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October 23, 2018 Jukebox Happy Hour

Automatic For The People

Andrew M. Howard

Automatic For The People photo

Automatic for the People
R.E.M.
Label: Warner Bros.
Released: October 5, 1992
Length: 48:52

I called her the day before we flew out to Paris. My father gave me her number, the best time to call, said she’d really appreciate it. The call was mercifully short and easy, given the likelihood we’d never speak again. 

I’d been listening to Automatic for the People a lot. It started last September, when she arranged to send Grandad’s piano across the country. Actually, I arranged it; she merely made it happen in an email:

Subject: Dad’s music

Do you want Dad's sheet music collection? We are breaking up the household and getting rid of stuff in preparation to moving to a small house on the ranch. I have to sell the piano. In fact, do you want the piano, a yamaha baby grand? We could ship it to you. Rick says you have no room for it, but I'm offering to give it to you.

Love,
Aunt Pen

Sent from my iPad

We made room. The piano came and I sat at the keyboard and played “Nightswimming,” a song my brain knows all the notes to, though my hands are doubtful, fumbling. The following day I checked my phone:

Subject: Grandad died at 8:15 this morning. More later.

Sent from my iPad

There’s now a deluxe 25th anniversary Automatic for the People, which means 25 years ago I bought a transparent yellow cassette that I’d Walkman to sleep to night after night. I’ve bought more used Automatic for the People CDs than I can count, because sometimes you can’t remember if you ever had it on CD or just that yellow tape and you can always find it for a buck or two. Now I download it, just another record taking up all the memory on my phone.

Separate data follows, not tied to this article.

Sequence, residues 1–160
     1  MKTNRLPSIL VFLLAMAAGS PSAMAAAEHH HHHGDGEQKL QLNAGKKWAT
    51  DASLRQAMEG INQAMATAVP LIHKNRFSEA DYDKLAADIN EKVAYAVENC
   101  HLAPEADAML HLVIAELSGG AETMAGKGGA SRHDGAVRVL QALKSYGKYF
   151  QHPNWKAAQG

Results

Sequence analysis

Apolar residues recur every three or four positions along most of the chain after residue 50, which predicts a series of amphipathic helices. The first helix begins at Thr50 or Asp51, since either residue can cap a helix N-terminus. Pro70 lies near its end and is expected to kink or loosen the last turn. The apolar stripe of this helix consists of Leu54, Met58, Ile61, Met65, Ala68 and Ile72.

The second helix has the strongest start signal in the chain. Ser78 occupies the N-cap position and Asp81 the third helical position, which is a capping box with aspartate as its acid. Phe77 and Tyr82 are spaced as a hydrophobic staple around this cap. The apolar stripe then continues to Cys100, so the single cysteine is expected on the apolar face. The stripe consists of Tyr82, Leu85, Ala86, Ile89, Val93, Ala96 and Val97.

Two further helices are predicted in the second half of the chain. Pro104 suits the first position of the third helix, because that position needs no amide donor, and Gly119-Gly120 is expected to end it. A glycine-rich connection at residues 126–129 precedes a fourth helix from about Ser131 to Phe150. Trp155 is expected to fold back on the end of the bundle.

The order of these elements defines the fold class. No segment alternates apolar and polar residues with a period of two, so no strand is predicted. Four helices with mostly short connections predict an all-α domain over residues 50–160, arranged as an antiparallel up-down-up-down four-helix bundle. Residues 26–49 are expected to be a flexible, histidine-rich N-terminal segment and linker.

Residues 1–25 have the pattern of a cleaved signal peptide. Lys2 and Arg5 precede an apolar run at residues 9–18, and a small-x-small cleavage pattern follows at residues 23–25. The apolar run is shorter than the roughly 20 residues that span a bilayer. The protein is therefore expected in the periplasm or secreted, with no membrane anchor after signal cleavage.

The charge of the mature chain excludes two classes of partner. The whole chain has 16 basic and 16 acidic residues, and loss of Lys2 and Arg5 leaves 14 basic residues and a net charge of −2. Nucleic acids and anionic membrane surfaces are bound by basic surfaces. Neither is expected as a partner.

Most of the songs are, appropriately enough, about mortality. I listened to “Star Me Kitten,” a relationship song, on the plane, on all the planes, from DC to Paris and back, then DC to JFK to ATL to LAX to say goodbye in a California hospice. You have to pick a good song when you’re landing, because there’s a one in 11 million chance it’s the last thing you’ll ever hear. Actually, the last eight minutes are the most dangerous, so it goes “Star Me Kitten,” “Man on the Moon,” maybe “Nightswimming,” and for a moment your phone is a Walkman and the world is dark and safe.

Drink: Blue Moon if you’re at LAX; Sweetwater 420 if you’re at Hartsfield-Jackson; Kilchoman Loch Gorm if you’re drinking with your cousin at the ranch
 

image: landandsky


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